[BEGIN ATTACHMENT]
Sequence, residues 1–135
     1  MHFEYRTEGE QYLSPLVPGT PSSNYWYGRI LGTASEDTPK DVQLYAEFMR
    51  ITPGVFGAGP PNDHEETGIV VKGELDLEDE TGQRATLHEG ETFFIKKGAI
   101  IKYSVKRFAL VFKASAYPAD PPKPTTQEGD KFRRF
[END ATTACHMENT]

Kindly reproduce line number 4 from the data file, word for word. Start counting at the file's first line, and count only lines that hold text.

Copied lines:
   101  IKYSVKRFAL VFKASAYPAD PPKPTTQEGD KFRRF